Wednesday, August 10, 2005

Cottin' Pickin' Spammers!

I've been chasing spammers today. I came in and found attached to port 4805 on my machine. The actual IP is and is the same clown or clowns that crashed the gatekeeper here a while back.

See these guys send out Net Send commands that hammer port 1026 on a range of addresses. Our Video Gatekeeper has a little task that monitors the gatekeeper software on, you guessed it, port 1026. So when the monitoring task fires up and finds port 1026 in use, it freaks out and thinks the gatekeeper has lost connection and reboots the computer!. When the server (Win2K) reboots, all of the video calls are disconnected and cannot be re-connected until the gatekeeper is back up and running. It appears to be entirely random to the casual observer. We blocked incomming UDP traffic on port 1026 and everything has been smooth ever since.

The way I found it was, I turned on trace logging on the server. I logged everything: every TCP packet, UDP packet, file open, file close, process start, and process end. The file was absolutely HUGE. I only created 10 minute segments, but still had a whale of a time trying to find something that would read these enormous files.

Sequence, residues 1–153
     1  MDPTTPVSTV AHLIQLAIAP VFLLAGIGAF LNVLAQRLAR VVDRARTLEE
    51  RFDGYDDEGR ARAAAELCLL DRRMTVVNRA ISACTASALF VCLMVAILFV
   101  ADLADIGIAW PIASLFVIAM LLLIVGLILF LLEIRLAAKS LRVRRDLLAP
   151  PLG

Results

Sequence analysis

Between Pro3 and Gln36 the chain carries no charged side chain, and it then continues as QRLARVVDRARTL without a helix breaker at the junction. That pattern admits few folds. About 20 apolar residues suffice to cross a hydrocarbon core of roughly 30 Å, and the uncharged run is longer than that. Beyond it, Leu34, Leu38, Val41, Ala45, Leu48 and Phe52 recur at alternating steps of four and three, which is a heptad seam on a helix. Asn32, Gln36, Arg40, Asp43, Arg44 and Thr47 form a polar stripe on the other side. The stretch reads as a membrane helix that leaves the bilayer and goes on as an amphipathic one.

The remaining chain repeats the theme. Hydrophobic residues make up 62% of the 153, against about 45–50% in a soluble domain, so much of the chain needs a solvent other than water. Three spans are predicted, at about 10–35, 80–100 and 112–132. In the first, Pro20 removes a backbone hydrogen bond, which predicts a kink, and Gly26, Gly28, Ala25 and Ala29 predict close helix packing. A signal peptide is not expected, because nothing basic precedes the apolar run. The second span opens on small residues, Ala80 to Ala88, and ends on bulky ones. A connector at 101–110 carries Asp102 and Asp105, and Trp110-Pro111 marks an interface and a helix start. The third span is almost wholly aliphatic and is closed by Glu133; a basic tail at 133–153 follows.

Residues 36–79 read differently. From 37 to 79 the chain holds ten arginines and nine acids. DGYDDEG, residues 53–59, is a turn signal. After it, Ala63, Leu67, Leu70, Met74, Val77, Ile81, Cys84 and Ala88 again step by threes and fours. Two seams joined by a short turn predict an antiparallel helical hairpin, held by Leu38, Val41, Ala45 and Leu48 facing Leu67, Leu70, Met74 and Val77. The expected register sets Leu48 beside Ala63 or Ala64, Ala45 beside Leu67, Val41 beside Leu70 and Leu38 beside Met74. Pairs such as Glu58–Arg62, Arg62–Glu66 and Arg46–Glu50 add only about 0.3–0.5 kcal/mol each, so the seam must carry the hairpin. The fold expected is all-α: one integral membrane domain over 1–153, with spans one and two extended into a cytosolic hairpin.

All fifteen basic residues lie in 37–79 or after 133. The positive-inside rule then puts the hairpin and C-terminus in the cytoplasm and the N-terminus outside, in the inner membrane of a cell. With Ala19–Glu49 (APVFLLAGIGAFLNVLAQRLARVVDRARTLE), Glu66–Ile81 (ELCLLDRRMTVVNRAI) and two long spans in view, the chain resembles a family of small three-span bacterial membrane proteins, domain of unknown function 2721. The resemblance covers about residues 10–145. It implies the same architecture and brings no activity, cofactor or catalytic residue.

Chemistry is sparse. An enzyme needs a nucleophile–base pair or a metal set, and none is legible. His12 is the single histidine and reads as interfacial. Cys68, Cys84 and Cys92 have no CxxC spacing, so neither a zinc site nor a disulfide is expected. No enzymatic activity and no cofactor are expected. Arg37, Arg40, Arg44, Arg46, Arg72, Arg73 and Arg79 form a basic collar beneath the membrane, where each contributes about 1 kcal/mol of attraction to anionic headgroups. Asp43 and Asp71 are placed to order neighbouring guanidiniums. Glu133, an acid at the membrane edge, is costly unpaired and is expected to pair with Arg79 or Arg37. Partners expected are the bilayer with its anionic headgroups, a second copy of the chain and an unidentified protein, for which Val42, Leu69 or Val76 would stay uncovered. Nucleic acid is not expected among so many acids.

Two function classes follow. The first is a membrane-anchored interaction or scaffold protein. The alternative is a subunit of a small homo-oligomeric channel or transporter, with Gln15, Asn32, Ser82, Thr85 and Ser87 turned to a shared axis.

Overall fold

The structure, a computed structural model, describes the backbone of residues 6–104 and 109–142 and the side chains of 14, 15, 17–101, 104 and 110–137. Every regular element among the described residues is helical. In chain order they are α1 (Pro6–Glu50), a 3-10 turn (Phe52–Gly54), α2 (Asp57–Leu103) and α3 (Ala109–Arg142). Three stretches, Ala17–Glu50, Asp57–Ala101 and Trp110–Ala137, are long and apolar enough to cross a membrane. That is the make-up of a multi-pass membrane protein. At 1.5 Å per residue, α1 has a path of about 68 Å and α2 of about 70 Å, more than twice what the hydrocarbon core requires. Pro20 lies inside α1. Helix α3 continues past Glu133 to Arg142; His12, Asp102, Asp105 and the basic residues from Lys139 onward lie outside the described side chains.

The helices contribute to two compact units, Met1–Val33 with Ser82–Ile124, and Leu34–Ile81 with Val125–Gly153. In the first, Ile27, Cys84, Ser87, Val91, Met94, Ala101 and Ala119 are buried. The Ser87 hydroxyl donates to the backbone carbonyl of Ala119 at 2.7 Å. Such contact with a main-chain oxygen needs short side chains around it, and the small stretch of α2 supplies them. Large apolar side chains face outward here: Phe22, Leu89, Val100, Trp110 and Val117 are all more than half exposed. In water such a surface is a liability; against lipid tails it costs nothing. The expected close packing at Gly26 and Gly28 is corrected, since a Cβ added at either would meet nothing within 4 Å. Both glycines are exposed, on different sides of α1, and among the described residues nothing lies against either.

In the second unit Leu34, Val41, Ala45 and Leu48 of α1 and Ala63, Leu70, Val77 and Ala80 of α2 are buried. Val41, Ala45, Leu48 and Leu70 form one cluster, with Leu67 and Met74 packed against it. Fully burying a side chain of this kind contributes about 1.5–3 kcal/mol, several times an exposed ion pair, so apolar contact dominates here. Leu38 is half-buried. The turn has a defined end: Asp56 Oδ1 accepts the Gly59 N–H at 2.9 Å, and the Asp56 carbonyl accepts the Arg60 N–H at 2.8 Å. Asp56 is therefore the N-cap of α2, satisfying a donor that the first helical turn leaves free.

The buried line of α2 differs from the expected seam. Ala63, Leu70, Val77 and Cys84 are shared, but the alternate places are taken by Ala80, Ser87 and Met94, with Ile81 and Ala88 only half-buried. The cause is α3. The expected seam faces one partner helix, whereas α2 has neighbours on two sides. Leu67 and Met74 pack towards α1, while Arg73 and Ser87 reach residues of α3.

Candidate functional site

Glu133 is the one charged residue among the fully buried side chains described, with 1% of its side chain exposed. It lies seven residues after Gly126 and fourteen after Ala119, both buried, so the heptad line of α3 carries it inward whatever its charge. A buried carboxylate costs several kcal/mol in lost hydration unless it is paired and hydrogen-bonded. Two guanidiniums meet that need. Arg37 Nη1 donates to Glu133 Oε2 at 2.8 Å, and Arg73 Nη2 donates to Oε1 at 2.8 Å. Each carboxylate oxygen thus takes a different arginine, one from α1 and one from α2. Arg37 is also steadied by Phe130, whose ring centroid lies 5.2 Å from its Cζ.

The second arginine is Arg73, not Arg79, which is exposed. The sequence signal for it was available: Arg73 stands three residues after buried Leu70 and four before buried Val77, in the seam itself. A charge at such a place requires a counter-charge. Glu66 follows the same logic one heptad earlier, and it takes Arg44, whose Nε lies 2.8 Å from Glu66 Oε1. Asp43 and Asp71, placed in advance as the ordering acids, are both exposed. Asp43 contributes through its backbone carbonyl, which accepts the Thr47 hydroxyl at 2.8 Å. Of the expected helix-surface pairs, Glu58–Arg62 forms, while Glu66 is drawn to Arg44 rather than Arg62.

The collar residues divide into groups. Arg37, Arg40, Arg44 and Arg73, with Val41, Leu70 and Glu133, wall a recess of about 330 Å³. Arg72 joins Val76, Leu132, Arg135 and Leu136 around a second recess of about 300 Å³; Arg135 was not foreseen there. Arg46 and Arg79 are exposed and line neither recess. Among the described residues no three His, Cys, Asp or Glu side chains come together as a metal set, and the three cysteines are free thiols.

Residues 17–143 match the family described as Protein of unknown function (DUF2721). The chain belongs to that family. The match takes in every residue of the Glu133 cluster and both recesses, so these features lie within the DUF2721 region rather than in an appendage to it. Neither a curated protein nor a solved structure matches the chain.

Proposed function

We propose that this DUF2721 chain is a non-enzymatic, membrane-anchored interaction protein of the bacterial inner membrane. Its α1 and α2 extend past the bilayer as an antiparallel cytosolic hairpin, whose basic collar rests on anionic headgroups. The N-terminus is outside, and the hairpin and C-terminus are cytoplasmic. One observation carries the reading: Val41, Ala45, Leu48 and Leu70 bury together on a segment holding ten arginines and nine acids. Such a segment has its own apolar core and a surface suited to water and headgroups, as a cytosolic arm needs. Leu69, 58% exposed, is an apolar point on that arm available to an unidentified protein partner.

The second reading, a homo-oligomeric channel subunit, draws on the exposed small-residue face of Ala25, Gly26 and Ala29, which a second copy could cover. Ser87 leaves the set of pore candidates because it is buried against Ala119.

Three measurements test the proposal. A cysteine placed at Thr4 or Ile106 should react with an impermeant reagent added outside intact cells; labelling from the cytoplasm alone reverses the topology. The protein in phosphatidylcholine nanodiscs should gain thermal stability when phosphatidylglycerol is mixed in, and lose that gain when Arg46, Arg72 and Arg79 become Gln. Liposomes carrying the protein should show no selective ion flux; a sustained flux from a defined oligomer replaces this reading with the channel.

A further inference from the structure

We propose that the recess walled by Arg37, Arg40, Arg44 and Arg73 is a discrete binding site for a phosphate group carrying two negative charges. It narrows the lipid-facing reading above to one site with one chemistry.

Once I found something to open the log, I went to the end where all of the processes were closing just prior to re-boot. I then backtracked until I found the offending UDP transaction and voila! It was the clown with IP trying to send some stupid advertisement to a computer that doesn't even have a monitor and has Messenger disabled. Why does Windows even keep the port open if Messenger is disabled? Arghh.

This guy caused a lot of grief on state-owned systems trying to advertise in a way that is at the very least unethical. He waisted a lot of my tax dollars with his stupidity. So ... I port scanned him in the most invasive way I could think of for quite a number of hours. He disappeared of the net, at least for a while. I guess now he's back.

Cottin' Pickin' spammers!

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